As the beautifully somber sounds of Nina Simone's rendition of "I Shall Be Released" played during the end credits of the season finale of Atlanta Robbin' Season, "Crabs in a Barrel," it felt, to me, as if this not only worked as a beautiful ending to the season, but also a fitting series finale. I wasn't alone in that thought.
For some reason I got an eerie feelin that might be the last episode we ever get. God Please Forbid 🙏🏾#AtlantaFX— Dashiki Dre 🇧🇿 (@Dre_GetRiteLite) May 11, 2018
THE COUCH#AtlantaFx— untitled. (@sasflexi) May 11, 2018
this might be the last episode of the series omg
I hope we haven't seen the last episode of #AtlantaFX.— Jon (@JonTheEmpire) May 11, 2018
I’m firmly willing to accept that we just saw the last episode of #AtlantaFX. Not for the season, ever.— Jay (@JayDSarkar) May 11, 2018
Last night's season finale worked in a number of ways. One of the main story arcs throughout Atlanta Robbin' Season was Earn's continued failures as Paper Boi's manager. From the beginning, we were given the comparison: Clark County was a popular, bubbling artist who, with the help of his manager Lucas, was landing YooHoo commercials and Fast & Furious soundtrack placements. Under Earn's guidance (or lack thereof), Paper Boi ended up with cut-up Adidas from a college gig gone wrong and an undying concern over funds. No one was surprised that, after the college gig from hell, Alfred told Earn that he'd been speaking with Lucas about managing him. It might have been time for a change.
"This makes for a complete season, but not a proper series end," you might think, but hear me out. Go back to how Glover had been selling Atlanta from jump: it's always been "Twin Peaks with rappers," with the pitch being about a guy managing his cousin in the rap game. Go back to episode one of season one, where Alfred tells Earn that he needs someone who's more Malcolm than Martin. What else shows that Earn is ready to manage a man and artist of Alfred's caliber than (spoiler alert!) dumping the golden gun that his Uncle Willy told him he'd need in the music business in Clark County's bag while they were in the TSA check-in line? That move, which Alfred admits that he saw, is what helped strengthen their bond, and showed Alfred that Earn's willing to do what's needed to be done to get shit taken care of. If that's not a wonderful bow on that entire storyline, I don't know what is.
Again, you could be saying "but, dog, isn't that more just highlighting how Atlanta Robbin' Season really was influenced by the 1992 Tiny Toon Adventures movie How I Spent My Summer Vacation?" Sure, you could say that; the gun's appearance in the first and last episodes of Robbin' Season really highlights how the season was, effectively one long-ass movie with a bunch of different plots and stories that reconvened in the end. But this finale didn't just wrap that Al/Earn saga up. We got to see Earn and Van trying to figure out schooling for their daughter, which included a touching goodbye scene where Lottie lightly touches her father's face. We also learn that Van's planning on moving back with her parents. Hell, we not only got to go on one more adventure with Darius, but we also got a hilarious callback to the friction between Tracy and Earn that kicked off in episode one of Robbin' Season. This episode's director (and frequent Glover collaborator) Hiro Murai said that they included that bit because it was funny, but it really does help tie a bow on things. We even got a scene with Al, Darius, and Earn on that couch in the field that they spent time on throughout season one.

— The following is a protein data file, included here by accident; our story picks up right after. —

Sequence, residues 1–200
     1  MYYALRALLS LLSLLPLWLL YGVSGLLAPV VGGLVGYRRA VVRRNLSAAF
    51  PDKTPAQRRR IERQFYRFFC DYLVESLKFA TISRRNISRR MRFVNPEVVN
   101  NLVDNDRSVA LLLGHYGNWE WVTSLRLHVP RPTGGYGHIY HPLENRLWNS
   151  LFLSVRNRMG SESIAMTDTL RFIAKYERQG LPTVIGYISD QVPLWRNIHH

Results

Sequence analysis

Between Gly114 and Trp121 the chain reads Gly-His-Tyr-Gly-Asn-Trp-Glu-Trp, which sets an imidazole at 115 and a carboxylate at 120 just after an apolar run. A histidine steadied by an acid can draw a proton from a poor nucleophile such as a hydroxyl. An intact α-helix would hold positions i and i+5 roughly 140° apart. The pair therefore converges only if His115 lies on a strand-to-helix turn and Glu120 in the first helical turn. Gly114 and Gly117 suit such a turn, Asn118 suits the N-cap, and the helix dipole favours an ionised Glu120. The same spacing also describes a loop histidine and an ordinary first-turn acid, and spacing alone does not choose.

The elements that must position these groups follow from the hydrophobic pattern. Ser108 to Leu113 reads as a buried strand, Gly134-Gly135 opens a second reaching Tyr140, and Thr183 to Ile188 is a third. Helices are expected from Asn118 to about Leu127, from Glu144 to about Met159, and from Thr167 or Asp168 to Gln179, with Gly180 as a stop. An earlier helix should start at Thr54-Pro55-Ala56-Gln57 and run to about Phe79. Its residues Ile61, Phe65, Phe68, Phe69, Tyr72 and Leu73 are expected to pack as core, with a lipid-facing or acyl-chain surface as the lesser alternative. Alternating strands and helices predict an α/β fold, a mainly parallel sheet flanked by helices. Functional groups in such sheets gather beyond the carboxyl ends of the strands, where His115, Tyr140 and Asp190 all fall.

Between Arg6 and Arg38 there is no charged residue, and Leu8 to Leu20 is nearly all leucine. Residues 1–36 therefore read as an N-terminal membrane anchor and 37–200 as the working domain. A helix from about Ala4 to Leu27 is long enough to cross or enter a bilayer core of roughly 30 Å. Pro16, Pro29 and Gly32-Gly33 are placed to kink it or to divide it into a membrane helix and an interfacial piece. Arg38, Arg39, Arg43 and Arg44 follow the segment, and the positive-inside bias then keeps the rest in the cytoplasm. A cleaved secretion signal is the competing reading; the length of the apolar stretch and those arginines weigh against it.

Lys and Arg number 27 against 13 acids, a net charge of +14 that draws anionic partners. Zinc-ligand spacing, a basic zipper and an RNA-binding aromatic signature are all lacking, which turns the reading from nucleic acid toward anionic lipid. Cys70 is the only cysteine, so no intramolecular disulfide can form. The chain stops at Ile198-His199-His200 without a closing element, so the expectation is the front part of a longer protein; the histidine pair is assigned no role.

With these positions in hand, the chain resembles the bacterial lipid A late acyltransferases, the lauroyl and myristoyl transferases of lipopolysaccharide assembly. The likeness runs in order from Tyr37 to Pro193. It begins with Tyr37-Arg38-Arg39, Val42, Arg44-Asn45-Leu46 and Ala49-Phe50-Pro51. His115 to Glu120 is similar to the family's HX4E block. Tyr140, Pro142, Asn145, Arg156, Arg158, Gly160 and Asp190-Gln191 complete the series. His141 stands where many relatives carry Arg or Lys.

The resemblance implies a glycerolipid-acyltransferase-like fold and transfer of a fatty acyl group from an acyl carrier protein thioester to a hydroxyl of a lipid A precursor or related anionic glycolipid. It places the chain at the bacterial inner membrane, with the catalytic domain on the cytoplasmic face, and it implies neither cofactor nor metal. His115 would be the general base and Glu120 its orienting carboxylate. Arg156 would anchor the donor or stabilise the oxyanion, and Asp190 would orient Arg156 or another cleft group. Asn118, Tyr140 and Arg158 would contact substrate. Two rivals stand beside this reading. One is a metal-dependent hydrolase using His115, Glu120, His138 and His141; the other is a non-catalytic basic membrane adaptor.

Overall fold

Speaking of Murai, it was announced just hours before the broadcast of "Crabs in a Barrel" that he had scored a development deal with FX. "[Murai] helped make Atlanta the most acclaimed comedy series on television," said Nick Grad, original programming president for FX Networks and FX Productions, "greatly contributing to its signature style and tone and becoming an integral part of the creative team led by Donald Glover. With his boundless artistry, Hiro is poised to take the next step as a television creator." Grad's comments reminded me of the sentiment he gave Glover when his development deal was announced in January of 2017. You remember that deal, right? It was under that deal that Glover was to bring an animated Deadpool series to FXX. The same series that was deaded back in March, to which Glover turned up the petty and "leaked" the script to a Deadpool finale that, at times, appeared to call into question if FX was riding for Glover's vision or not. It was that, plus comments he'd made in the press leading up to the return of Atlanta, that had me theorizing that Glover might be ending Atlanta after the end of season two, and with Murai getting a (well-deserved!) deal with FX, one has to wonder: is this the first step in Glover and FX amicably splitting?
Looks, that's just a theory. I could be completely off the mark, but let's not forget: Atlanta got a season two renewal two weeks after it premiered. It posted solid ratings with its season two premiere, and has been a critical and fan favorite. Is FX just taking its time to announce a third season? Is Donald Glover, one of the busiest men in Hollywood, ready to get the writer's room back together to churn out another season of excellent television? It's hard to say, currently.
Honestly, as much as it pains me to say it, I'd applaud Glover and company for dipping while the show's at its peak. There are too many terrible tales of artists and athletes sticking around for far too long, just because they can. Atlanta's already gifted the world the creative genius of Donald Glover, the beautiful visuals of Hiro Murai, the offbeat awesomeness of Lakeith Stanfield, Brian Tyree Henry's everyman swagger, Zazie Beetz's depth and beauty, and much more. It might make sense that we all leave the couch where it is, and watch these peaches blossom.